Cu Huy Ha Vu is a constitutional scholar who twice sued Vietnam’s current prime minister for unlawful conduct. Since his release from a Vietnamese prison last month, he has lived in Northern Virginia.
Facing mounting pressure by the international community and seeking trade and security commitments, the Vietnamese government recently released five prisoners of conscience. I was one of them.
Such releases are always welcome, but they should not be confused with actual human rights improvements. There are an estimated 400 prisoners of conscience in Vietnam. Even as a handful of dissidents were released, a larger number were detained or sentenced to prison terms. Many in Southeast Asia believe that Vietnam has replaced Burma as the region’s worst violator of human rights.
The international community often focuses on pressing Vietnam for more prisoner releases. While I benefited from such attention, it often backfires as a diplomatic approach. The Vietnamese government treats prisoners of conscience as commodities to barter with the United States and other Western countries for security and trade benefits as well as foreign aid. Vietnam has stocked a reserve of prisoners of conscience for future bargaining.
After Vietnambecame a member of the World Trade Organization and gained permanent normal trade relations with the United States in early 2007, the Vietnamese government launched a brutal crackdown that has swept up intellectuals, artists, bloggers, journalists, labor activists and religious leaders. It goes on to this day.
Governments in the free world should demand that the Vietnamese government dismantle its arsenal of instruments for repression — starting with the repeal of Articles 79, 88 and 258 of its penal code — and link future trade and security benefits to such legal reforms. It is not too much to ask: These laws are not only a violation of the International Covenant on Civil and Political Rights — to which Vietnam has been a party since 1982 — but also contradict the Vietnamese constitution.
The sole purpose of these laws is to ensure the survival of the regime of the Vietnamese Communist Party. Article 88, which prohibits “propaganda against the State of the Socialist Republic of Vietnam,” silences critics of the party — journalists and bloggers and other dissidents. This is a direct violation of Article 16 of the constitution, which says “no person shall be discriminated against in political life” — in other words, no one may be harassed or persecuted, much less arrested or jailed, because of political views that are contrary to the views of the state.
Article 258, meanwhile, targets those “taking advantage of the right to democratic freedoms in order to violate the interests of the State.” Vietnam has no true “democratic freedoms,” but its constitution promises citizens their rights to freedom of expression, information, religion, assembly and association. “Taking advantage” of one’s rights is a notion the government concocted to undermine the constitution so that the only real freedom Vietnamese citizens have is to completely agree with the Communist Party’s policies.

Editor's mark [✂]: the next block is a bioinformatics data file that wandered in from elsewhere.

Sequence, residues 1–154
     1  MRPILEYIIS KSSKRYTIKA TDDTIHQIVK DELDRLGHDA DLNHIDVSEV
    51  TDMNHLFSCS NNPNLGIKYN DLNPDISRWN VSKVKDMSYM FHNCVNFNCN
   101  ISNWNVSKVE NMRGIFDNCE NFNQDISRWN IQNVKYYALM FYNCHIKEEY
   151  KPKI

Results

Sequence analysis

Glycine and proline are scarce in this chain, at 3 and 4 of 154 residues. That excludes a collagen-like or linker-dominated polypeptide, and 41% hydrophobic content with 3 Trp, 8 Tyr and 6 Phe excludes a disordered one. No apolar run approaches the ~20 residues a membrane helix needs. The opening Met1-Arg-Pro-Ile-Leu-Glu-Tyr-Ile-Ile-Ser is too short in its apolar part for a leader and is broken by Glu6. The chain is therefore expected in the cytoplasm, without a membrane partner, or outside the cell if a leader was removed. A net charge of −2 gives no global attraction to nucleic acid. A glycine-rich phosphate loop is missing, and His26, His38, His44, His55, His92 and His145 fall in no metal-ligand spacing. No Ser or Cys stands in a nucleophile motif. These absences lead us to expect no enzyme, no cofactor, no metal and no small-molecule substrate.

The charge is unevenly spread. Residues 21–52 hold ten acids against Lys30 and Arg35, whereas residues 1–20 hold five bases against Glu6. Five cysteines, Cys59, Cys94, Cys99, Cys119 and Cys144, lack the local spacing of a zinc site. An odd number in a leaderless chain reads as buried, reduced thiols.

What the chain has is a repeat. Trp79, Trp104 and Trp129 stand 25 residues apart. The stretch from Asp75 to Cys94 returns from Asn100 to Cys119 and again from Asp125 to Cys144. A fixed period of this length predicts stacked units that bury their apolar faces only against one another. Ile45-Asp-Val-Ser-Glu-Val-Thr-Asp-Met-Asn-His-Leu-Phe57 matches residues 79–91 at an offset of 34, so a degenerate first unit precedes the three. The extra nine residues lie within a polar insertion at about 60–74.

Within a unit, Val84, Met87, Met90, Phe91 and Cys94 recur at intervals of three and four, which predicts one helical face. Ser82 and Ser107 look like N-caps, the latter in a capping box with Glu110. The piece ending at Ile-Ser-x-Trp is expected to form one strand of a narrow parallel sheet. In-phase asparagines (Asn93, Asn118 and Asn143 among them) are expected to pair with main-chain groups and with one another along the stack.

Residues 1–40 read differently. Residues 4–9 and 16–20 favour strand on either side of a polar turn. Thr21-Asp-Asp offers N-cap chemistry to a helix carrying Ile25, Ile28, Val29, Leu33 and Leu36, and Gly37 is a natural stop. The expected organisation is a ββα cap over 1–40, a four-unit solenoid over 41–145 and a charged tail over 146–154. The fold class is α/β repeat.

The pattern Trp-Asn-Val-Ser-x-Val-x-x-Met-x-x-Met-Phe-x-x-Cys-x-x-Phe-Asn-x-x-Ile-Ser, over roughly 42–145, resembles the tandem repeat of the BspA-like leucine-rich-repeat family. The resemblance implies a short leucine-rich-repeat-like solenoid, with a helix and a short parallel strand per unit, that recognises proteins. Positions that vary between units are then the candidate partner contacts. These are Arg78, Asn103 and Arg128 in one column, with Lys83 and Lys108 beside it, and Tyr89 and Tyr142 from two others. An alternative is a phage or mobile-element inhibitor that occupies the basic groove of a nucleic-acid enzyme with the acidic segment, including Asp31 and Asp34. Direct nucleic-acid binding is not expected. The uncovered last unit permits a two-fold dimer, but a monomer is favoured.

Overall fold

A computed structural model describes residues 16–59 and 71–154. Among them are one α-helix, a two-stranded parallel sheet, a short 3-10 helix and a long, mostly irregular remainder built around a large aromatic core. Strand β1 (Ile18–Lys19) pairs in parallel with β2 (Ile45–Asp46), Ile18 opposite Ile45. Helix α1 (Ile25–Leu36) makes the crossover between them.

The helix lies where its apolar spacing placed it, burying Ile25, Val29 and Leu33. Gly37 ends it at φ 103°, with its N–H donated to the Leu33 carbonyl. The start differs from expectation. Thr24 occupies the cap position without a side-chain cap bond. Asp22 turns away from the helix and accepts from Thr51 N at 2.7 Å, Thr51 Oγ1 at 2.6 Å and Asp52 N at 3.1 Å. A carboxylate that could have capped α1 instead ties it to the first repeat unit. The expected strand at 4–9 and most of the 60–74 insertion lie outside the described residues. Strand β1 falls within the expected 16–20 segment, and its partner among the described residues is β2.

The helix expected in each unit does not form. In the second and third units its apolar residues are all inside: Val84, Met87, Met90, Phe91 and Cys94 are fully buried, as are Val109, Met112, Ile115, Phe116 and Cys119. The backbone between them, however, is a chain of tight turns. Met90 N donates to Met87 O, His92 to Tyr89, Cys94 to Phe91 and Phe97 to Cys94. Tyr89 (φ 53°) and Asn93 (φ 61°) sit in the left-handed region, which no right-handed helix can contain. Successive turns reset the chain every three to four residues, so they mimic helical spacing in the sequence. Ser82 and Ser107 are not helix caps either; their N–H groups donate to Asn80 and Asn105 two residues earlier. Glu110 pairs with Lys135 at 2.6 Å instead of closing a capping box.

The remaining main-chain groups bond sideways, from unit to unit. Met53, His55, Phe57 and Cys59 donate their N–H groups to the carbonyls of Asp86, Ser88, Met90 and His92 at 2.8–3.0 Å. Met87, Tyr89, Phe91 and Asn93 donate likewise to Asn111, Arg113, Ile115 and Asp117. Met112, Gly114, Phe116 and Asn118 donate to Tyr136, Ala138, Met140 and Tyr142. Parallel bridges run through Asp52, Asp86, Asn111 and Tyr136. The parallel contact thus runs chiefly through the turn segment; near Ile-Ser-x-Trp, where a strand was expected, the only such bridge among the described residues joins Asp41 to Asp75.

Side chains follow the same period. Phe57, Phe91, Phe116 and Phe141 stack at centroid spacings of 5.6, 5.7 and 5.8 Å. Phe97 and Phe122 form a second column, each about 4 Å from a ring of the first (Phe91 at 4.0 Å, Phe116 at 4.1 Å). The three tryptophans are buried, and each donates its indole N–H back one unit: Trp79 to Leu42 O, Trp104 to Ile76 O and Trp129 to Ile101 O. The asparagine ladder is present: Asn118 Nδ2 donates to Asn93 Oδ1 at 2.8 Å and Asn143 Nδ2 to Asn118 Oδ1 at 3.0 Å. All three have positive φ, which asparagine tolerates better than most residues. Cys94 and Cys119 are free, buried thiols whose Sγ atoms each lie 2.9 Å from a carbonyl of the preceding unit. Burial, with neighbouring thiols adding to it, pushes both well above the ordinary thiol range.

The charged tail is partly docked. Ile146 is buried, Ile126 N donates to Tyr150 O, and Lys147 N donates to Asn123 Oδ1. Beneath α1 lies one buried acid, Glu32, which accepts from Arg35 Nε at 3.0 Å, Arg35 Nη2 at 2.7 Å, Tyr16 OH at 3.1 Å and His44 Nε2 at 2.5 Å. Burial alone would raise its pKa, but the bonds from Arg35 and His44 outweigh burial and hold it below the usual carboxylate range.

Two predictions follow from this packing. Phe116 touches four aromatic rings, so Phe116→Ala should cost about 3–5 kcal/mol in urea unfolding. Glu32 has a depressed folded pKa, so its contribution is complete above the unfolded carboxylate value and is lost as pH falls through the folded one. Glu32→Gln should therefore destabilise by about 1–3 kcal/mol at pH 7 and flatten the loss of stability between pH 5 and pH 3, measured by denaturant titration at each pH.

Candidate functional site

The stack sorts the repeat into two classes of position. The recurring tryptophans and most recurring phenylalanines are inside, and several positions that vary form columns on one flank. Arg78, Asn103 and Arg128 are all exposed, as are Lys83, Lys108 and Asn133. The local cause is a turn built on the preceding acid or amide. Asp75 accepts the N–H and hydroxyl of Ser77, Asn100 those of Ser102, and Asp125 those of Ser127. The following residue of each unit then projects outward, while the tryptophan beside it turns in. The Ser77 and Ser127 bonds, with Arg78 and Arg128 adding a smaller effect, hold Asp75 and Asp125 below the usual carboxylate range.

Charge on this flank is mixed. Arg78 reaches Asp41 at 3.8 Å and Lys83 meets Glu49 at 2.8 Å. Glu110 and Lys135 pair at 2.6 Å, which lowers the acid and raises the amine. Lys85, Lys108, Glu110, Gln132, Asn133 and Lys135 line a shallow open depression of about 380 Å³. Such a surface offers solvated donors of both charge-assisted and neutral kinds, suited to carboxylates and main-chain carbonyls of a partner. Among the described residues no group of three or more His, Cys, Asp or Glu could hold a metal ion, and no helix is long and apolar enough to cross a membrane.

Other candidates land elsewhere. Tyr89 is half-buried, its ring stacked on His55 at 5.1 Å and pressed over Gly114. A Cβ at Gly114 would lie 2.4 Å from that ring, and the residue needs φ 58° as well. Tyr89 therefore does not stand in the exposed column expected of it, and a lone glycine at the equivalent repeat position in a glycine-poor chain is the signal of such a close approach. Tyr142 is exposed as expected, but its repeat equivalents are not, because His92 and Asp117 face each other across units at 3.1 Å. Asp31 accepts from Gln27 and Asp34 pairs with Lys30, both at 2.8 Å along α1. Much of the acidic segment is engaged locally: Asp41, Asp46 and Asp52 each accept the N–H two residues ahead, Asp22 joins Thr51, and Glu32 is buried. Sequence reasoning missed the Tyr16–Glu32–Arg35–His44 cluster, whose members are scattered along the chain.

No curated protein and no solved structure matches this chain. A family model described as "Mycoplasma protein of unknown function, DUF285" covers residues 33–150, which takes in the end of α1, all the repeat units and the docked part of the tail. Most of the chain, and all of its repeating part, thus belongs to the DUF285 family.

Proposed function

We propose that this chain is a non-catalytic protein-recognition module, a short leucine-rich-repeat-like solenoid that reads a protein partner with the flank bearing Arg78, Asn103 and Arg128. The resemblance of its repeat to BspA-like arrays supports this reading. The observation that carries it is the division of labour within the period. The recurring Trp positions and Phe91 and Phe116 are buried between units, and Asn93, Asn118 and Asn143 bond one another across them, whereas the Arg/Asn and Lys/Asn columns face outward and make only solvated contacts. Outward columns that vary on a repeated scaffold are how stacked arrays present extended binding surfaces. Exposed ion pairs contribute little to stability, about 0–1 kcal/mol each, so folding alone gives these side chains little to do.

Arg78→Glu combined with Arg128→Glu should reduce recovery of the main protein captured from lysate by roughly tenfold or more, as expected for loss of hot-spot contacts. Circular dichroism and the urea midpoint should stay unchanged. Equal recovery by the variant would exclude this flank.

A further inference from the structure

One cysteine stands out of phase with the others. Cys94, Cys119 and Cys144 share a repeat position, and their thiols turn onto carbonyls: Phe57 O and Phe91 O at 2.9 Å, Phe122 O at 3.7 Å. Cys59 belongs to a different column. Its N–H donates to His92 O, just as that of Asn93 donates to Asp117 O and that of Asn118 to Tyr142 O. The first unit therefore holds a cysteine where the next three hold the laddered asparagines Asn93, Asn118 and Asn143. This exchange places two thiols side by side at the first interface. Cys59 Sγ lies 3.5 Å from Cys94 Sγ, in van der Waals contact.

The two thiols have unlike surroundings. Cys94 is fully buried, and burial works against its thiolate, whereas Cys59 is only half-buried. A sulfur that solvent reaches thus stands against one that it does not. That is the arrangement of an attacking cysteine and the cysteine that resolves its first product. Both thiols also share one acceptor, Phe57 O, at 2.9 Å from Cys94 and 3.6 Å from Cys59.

While Articles 88 and 258 target individual dissidents, Article 79 is designed to prevent dissidents from organizing themselves to compete politically. This law is used against anyone who peacefully organizes to oppose the party’s dominance or its policies. Independent labor unions, nascent political parties, religious organizations, civil society associations that refuse to submit to government oversight — all can be crushed by Article 79.
Two-thirds of the known prisoners of conscience are imprisoned under these three articles, including Nguyen Van Hai (blogger Dieu Cay), Catholic priest Nguyen Van Ly, Protestant pastor Duong Kim Khai, Ta Phong Tan, Ho Thi Bich Khuong, Vo Minh Tri, Nguyen Van Lia, Dang Xuan Dieu and Tran Huynh Duy Thuc. While these names may not be familiar to many here in the United States, they are heroes to those of us who want to build a Vietnam that is both prosperous and protects fundamental human rights and the rule of law.
My residence in the United States affords me the freedom to express my opinions, and for that I am most grateful. Thus, I respectfully urge the U.S. government to use all relevant bilateral and multilateral venues, including negotiations on trade and security as well as loans from international financial institutions, to seek the immediate repeal of Articles 79, 88 and 258, and the unconditional release of all prisoners of conscience charged under these articles.
Only by dismantling the instruments of repression will there be real and irreversible improvements in human rights in Vietnam.